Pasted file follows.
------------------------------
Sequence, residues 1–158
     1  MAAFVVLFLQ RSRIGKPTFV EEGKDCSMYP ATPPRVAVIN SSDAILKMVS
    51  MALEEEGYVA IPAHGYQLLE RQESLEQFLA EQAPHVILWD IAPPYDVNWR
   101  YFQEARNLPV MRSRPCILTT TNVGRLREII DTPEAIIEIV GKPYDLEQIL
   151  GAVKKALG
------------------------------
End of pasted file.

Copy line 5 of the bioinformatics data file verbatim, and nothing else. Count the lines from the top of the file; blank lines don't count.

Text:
   151  GAVKKALG